Oscar Wilde

(1854-1900 / Dublin / Ireland)

Vita Nuova - Poem by Oscar Wilde

I STOOD by the unvintageable sea
Till the wet waves drenched face and hair with spray,
The long red fires of the dying day
Burned in the west; the wind piped drearily;
And to the land the clamorous gulls did flee:
'Alas!' I cried, 'my life is full of pain,
And who can garner fruit or golden grain,
From these waste fields which travail ceaselessly!'
My nets gaped wide with many a break and flaw
Nathless I threw them as my final cast
Into the sea, and waited for the end.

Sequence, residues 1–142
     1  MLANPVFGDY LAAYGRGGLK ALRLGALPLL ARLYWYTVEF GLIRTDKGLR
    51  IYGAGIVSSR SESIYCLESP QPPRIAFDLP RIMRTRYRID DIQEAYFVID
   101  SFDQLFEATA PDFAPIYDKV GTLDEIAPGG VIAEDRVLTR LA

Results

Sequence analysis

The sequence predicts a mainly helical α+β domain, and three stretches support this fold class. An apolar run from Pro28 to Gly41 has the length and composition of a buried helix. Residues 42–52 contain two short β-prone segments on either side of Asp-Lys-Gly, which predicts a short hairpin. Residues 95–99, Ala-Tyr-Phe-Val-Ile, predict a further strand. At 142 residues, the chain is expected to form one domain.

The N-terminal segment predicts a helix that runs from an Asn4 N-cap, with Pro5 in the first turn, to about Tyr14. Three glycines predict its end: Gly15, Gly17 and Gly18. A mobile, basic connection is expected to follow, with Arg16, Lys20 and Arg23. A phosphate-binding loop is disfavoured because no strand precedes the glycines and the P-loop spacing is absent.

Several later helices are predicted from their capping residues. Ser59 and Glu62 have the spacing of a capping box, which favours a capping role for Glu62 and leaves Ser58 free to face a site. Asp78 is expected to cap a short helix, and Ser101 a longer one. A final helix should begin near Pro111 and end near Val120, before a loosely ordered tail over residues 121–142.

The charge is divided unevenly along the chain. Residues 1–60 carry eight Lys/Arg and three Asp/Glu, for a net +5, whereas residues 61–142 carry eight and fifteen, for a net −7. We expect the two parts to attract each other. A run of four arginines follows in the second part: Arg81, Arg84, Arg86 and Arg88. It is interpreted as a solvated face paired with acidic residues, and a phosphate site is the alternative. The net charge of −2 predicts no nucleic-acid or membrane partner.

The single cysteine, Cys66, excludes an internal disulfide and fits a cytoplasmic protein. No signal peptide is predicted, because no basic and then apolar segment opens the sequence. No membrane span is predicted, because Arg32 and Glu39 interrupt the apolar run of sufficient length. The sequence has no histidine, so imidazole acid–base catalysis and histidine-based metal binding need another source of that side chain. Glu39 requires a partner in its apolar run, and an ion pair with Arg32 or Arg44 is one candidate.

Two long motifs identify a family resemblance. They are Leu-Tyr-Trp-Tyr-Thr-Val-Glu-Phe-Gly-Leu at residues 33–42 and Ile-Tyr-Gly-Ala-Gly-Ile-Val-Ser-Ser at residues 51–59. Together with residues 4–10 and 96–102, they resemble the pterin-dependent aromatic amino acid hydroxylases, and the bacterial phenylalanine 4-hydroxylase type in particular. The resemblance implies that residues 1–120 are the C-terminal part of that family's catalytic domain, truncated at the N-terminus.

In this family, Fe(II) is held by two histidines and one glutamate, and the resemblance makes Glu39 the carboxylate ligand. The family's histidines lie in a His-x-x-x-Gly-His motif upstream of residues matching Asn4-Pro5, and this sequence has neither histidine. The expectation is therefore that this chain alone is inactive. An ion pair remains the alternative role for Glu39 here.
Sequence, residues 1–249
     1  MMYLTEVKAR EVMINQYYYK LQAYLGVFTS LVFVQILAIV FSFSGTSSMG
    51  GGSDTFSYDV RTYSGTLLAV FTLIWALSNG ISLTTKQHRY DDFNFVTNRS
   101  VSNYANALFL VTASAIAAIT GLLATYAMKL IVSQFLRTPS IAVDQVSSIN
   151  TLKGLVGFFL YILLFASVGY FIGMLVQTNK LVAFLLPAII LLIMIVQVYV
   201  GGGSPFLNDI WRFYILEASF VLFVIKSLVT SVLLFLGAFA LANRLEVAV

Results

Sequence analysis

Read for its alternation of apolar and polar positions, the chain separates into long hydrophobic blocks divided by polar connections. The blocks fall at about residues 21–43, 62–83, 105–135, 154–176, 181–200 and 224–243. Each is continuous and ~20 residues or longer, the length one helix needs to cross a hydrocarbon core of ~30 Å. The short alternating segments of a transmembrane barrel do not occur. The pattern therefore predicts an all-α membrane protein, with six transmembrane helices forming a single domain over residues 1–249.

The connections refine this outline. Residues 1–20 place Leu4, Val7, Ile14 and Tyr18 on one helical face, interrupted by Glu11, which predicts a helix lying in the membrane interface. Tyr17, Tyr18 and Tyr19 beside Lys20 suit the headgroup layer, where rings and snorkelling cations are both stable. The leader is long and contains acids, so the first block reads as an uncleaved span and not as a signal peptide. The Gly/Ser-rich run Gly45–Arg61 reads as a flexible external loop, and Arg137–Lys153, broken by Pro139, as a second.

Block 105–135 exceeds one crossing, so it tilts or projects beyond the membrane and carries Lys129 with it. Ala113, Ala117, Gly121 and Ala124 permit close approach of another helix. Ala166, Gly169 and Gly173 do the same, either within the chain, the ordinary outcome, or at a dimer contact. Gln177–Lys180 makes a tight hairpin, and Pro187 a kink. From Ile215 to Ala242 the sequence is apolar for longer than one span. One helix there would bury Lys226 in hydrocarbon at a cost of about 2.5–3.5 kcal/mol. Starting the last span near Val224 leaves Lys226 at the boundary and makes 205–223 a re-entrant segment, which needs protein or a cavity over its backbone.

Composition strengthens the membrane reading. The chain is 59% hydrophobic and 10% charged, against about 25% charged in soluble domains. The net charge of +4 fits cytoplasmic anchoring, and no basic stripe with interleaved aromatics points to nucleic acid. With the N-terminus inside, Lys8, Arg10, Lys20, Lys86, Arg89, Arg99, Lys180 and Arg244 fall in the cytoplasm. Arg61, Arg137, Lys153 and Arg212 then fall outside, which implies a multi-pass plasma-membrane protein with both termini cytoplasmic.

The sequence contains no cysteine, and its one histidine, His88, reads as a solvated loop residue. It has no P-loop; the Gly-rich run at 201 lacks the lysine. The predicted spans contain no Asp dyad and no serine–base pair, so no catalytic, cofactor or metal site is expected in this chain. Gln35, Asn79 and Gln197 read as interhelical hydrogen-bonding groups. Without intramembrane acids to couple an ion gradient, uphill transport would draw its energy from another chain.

When lo! a sudden glory! and I saw
The argent splendour of white limbs ascend,
And in that joy forgot my tortured past.

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Read poems about / on: sea, hair, red, joy, pain, wind, life, fire

Poem Submitted: Friday, May 18, 2001

Poem Edited: Friday, May 18, 2001

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